Hardy suffers a little bit from the latter problem. Nya is a very realistic adolescent. But sometimes her thought process and the way she draws conclusions is pretty illogical and hard to follow (again, realistic).
The premise/theme of The Shifter is that Nya is essentially a weapon. She must choose who to hurt and who to save, and she battles herself to decide whether or not to hurt one innocent person in order to save a group. I get that, hard choices, heavy stuff. But I think Nya struggles with this a little too much, and there's a whole lot of justification going on from other characters. There was a little too much, yes she made this tough decision and she hurt someone who didn't deserve it, but she's still a really good person, let's take a minute and explain why.
I like my heroines to be imperfect. And come on Janice, didn't you get a three book deal? Let Nya be racked with guilt for the next two books. Everything got tied up into too neat of a package for me at the end.
But then again, I'm 20 years older than the target audience. Maybe fifth-graders need the explanation of why it's OK that their heroine hurts strangers.
With all that said, I'm still totally excited for the next installment of The Healing Wars. Justified, or not, Nya is a total bad-ass. By the end of The Shifter, Nya and the reader discover what she's capable of, and she's a force to be reckoned with.
OK Junkies, what do you think? Should I be less picky as an adult reading kids' books? Should I just grow up and read books for people my own age?
But I'm addicted! I need my heroines!
Friday, October 9, 2009
FTC: (In case anyone besides my mom ever reads this) I get almost all the books that I discuss here for free. From my dad. Hope I don't get a fine.
Lyra is no girly girl. She fights with the neighborhood boys and skips along the roof of the college she lives in. Like any good YA protagonist, she has no parents. Lyra is raised by a handful academicians.
So what if she's a brat? She saves the multiverse and all of existence. She's pretty damn heroic.
You see, in The Subtle Knife, Lyra teams up with Will, a guy from our world. Together, they travel through parallel worlds, saving people, and falling in love. All sorts of creatures are trying to kill Lyra for various reasons and Will and Lyra discover that she's the key to this whole war.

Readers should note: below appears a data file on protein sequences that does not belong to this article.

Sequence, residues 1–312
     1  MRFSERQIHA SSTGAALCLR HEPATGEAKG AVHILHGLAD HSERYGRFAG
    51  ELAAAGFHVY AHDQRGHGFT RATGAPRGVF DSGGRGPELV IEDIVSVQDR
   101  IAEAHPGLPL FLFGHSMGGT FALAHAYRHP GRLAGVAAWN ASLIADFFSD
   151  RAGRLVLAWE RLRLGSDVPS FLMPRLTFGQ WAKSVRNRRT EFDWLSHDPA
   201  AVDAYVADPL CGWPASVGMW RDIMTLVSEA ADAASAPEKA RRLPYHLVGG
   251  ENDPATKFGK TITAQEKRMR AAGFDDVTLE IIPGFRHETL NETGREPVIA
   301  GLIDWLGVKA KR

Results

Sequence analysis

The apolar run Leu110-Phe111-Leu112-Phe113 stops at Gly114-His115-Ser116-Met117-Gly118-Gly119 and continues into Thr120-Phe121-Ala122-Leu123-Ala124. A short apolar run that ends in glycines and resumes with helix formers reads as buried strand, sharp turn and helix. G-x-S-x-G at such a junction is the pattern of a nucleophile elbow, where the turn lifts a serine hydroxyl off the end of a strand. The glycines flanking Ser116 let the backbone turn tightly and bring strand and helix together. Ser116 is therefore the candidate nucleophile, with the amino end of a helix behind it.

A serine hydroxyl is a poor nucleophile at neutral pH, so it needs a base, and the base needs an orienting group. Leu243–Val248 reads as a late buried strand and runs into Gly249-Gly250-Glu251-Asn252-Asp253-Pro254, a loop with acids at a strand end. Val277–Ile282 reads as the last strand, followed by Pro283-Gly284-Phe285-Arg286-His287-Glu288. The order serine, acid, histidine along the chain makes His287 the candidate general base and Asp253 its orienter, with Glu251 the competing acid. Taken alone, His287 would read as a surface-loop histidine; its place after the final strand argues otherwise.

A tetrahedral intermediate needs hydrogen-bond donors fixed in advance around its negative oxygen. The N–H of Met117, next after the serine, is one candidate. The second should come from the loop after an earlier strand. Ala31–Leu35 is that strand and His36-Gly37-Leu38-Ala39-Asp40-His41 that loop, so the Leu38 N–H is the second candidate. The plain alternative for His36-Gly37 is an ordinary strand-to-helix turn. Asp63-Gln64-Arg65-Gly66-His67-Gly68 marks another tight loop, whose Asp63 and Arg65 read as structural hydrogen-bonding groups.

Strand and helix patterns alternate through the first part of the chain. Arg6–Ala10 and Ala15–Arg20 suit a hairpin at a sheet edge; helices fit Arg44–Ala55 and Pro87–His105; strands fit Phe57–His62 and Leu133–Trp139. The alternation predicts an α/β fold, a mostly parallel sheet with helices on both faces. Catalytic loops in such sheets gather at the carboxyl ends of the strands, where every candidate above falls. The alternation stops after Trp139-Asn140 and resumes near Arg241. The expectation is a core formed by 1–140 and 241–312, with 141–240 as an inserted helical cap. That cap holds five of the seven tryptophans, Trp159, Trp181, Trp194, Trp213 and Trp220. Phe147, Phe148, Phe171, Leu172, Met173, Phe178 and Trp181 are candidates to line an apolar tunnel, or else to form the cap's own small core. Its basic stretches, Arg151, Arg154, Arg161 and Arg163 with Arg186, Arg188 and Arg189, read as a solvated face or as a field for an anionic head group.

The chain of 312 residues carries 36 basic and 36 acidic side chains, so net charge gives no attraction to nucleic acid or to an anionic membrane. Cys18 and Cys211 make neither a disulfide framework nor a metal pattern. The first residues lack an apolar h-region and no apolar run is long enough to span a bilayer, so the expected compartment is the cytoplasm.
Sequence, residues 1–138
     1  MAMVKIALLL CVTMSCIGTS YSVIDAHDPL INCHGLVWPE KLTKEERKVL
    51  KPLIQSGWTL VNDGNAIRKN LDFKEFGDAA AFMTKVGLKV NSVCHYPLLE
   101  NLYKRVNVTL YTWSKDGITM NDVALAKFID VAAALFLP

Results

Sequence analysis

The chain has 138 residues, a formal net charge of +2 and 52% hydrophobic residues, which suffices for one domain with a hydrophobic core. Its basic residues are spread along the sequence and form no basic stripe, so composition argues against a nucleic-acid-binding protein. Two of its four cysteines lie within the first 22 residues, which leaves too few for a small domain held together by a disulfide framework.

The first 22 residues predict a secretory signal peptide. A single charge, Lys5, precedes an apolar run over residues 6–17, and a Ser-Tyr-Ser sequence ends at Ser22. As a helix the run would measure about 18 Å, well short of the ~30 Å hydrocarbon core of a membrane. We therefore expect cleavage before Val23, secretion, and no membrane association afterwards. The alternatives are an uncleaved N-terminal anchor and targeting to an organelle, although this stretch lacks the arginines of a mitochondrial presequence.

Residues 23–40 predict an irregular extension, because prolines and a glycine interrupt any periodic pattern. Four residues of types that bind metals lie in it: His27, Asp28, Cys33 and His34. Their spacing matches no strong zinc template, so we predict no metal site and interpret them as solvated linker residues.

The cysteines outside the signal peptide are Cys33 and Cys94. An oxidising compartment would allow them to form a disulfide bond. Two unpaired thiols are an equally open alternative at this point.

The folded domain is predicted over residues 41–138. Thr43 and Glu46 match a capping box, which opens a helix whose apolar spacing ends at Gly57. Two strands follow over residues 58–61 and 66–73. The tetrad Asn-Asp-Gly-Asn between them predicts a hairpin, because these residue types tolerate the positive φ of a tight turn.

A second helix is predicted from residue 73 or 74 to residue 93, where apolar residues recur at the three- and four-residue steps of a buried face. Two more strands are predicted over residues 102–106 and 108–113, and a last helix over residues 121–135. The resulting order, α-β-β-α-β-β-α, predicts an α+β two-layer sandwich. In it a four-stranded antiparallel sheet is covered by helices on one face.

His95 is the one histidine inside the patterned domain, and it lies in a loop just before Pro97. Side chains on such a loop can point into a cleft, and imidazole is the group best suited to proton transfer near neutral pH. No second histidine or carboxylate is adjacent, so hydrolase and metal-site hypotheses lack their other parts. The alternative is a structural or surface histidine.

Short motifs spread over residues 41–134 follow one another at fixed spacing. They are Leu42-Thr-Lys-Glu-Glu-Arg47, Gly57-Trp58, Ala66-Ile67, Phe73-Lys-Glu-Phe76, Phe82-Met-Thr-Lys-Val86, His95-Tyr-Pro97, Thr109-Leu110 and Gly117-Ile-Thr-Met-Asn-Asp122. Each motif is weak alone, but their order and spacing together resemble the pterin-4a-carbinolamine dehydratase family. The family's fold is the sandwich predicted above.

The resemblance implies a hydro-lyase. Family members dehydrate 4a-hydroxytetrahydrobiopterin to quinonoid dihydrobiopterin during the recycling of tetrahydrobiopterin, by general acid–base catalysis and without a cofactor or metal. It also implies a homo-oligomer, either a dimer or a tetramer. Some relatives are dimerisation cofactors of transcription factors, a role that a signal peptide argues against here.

SPOILER ALERT! I'm serious! I'm not pulling any punches.
The choice Lyra is presented with is that she can stay with the boy she fell in love with, Will, and watch the multiverse disintegrate. Or she can go back to her world, and Will to his, and preserve all of existence. She makes the right choice.
As always, I haven't come close to doing these books justice. So read them! There are some awesome battle scenes with polar bears, zeppelins, and witches. Mrs. Coulter is a female antagonist that will chill you to the bone. The Amber Spyglass also has some wickedly good stuff with Angels and the World of the Dead. Pullman also does a great job with non-humanoid creatures from parallel worlds. Again, beating my head against the wall because I'll never be creative enough to think up something like the Mulefa. And, I gotta say, Pullman's concept of Dust is pretty cool. So get reading!
Saturday, October 3, 2009
Saturday, September 26, 2009
Saturday, September 19, 2009
At work I get the shakes, counting the minutes til my next fix. Sometimes I slip up and talk to my co-workers about my drug of choice and they stare at me and back away slowly before whispering behind my back. Once at home, I lay back in my recliner, oblivious to the hours ticking by as I relish in my high. When I have a good stash, it’s the first thing I think about when I wake up, and I can’t sleep until I finish it. I’ve even started to make my own stuff and fantasize about selling it.
Ok, before this metaphor gets any more ridiculous and my mom calls for an intervention, let me be clear. I’m addicted to heroines.
I love the strong female leads in young adult novels, especially in urban fantasy. I know I’m not the only one. I’ve seen the high school girls shuffle through the hallways with the tell-tale books hidden beneath crooked arms. Some are even so brazen as to wear t-shirts displaying their addiction.
I hope to reach out to fellow addicts and together, we can form a support group. (But really I hope this ends up like any rehab program, and instead of quitting together, we’ll just trade stories of getting high and share secrets on where to get the good stuff. Because this is one habit I don’t want to kick.)
Well, let’s begin at the beginning. It all started watching Wonder Woman with my mom when I was a toddler (it’s always the mother’s fault). One look at that female kicking ass and I was hooked. Now I’m unclear of Wonder Woman’s origins, is she human or an alien? I also can’t recall, what exactly are her special powers? I just remember she had a magic whip. A woman who doesn’t need super-human strength to beat up bad guys is even better.
Then there was She-Ra, Princess of Power. SOOOO much better than He-Man, I don’t care what anyone says. And if I remember correctly, she had to save He-Man’s ass a few times. She had a magic sword, some type of magic horse, a pink castle made of clouds, and she didn’t need no man. Although I think she had a boyfriend, Beau, or something. But she was always saving his ass too. The best part was that her alter ego (can’t remember her name) had to PRETEND to be weak. I think there’s some kind of feminist lesson there…
I had the whole get up. See picture --------------->
I remember swinging that sword around in the backyard, I was unbeatable. I shouted at my dad to “Read the Words!” at the end of each episode where there was some sappy summary and moral to the story. My true addiction started when he said, “Read them yourself.”
Of course, growing up there continued to be non-literary heroines to feed my need. Rogue was my favorite X-Man in the cartoon and I am disappointed at how weak she is in the movies. Buffy the Vampire Slayer and Xena the Warrior Princess were my high school TV standbys.
But next week, we’ll talk about the book and its heroine that changed my life. Be strong until then.